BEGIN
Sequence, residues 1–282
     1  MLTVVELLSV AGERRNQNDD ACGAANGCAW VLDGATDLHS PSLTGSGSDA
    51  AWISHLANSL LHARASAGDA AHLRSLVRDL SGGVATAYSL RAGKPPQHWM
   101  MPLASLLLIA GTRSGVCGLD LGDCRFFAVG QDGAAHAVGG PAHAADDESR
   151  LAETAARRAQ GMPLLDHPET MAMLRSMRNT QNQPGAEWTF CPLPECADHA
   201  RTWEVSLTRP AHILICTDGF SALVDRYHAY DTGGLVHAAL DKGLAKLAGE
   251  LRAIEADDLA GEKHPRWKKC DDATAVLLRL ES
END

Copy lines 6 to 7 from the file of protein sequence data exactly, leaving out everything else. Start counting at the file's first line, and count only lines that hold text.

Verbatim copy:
   201  RTWEVSLTRP AHILICTDGF SALVDRYHAY DTGGLVHAAL DKGLAKLAGE
   251  LRAIEADDLA GEKHPRWKKC DDATAVLLRL ES